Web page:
The Toronto Marlies winning streak came to a crashing halt in St. John’s, against an IceCaps team that had lost their last five.
The Marlies had no one to blame but themselves however, as far too many individual errors coupled with ill-discipline, led to this defeat.
The fireworks of the first period on Saturday night that saw six goals scored, were not be found in the opening frame of this Sunday matinee game.
Hat-trick hero Brendan Leipsic began in positive fashion, working his way out of a tight spot to take three opponents out of the play. He dropped the puck to Frederick Gauthier joining the play but his shot was well blocked.
Garret Sparks was making his first Marlies start since November and made an easy enough first save after two minutes.
Jeremy Morin drew the first power play of the game after cutting across goal and almost scoring past Zach Fucale. It was Morin who came the closest on the man advantage but his shot found the outside of half of the post.
The home team responded well after killing the penalty and Viktor Loov had to be use his long reach to deny Charles Hudon on a partial breakaway chance.
Toronto would have a partial breakaway of their own as Zach Hyman engineered space down the right side. He chose to shoot early and Fucale denied him with a pad save.
St. John’s should have taken the lead with eleven minutes on the clock. A horrendous giveaway from Leipsic enabled Bud Holloway to slide the puck across to Michael McCarron. The rookie may have been hooked by Matt Frattin, but he still forced Sparks into a fine save to deny him.
Toronto would kill the following penalty with relative ease and as it ended created a rush that saw T.J Brennan release a booming shot as the trailer on the play, but Fucale turned the effort aside.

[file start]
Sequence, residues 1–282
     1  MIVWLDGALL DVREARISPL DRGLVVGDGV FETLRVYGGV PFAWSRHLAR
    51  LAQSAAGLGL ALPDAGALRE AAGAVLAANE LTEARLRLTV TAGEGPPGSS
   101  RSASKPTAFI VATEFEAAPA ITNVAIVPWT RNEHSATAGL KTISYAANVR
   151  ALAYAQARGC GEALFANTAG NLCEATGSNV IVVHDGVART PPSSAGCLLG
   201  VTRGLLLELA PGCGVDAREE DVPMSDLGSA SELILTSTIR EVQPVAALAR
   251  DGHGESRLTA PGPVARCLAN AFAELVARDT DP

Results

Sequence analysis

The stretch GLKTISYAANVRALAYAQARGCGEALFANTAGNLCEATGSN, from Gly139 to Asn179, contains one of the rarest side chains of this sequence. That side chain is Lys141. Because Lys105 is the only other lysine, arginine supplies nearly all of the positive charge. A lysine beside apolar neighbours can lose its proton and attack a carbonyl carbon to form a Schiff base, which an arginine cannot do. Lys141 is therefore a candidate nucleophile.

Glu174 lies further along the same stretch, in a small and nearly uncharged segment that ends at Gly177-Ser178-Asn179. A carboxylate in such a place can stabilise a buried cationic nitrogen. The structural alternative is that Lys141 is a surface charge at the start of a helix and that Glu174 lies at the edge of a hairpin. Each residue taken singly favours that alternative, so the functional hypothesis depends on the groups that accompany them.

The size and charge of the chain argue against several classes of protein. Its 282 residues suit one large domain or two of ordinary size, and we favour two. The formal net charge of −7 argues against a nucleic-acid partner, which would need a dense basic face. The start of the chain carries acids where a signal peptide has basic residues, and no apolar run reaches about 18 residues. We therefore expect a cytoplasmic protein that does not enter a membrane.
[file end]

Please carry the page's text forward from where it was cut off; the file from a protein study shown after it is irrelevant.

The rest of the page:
The width of the goal line would deny the Marlies taking a lead into the intermission. A period of cycling the play led to a pair of shots from Nikita Soshnikov. The second of those was only partially saved and the puck dropped over Fucale’s shoulder but rested on the goal line. Sven Andrighetto was alert to the danger and made sure the puck would not cross over the blue paint before the play was whistled down.
Despite the Marlies leading the shot count 8-1 at one stage, it was 13-11 after twenty minutes despite a second late power play and owning the bulk of possession.
The home team began the second period the stronger and Toronto would suffer a killer early blow. Stuart Percy making a terrific shot block but the puck cannoned into his face. Down for a long while, he was able to leave the ice under his own steam but would not return.
Josiah Didier and Lucas Lessio almost made the Marlies pay for miscommunication in their own zone, but Sparks robbed the later who was on the door-step as he put his shot on net.
Toronto’s power play just wasn’t clicking in this game but after squandering their third opportunity of the game, would open the scoring back at even strength.
Kasperi Kapanen showed speed down the left side, coming from down low to the point, leaving players in his wake before finding Andrew Campbell on the right side. The Marlies Captain blasted the puck on net and Soshnikov was on hand to put home the second effort in front.
It could and should have been 2-0 shortly after but Toronto somehow failed to score during a crazy scramble in front of Fucale. The play quickly switched to the other end of the ice and Andrighetto saw his shot stopped by Sparks. The IceCaps forward didn’t appear to make a great deal of effort to stop his surge toward the net however and crashed into Toronto’s goalie at some speed. In what would probably have been called goaltender interference in the NHL, no penalty was called on the play and Sparks seemed to be fine after composing himself.
Seconds later and James Martin took a needless interference penalty in stopping McCarron, and St. John’s would tie up the game.
Despite denying Daniel Carr on two occasions, Sparks was unable to stop a one-timer from Morgan Ellis in the left circle. There was no traffic in front and Sparks would feel he should have had that shot as it fired just over his pads.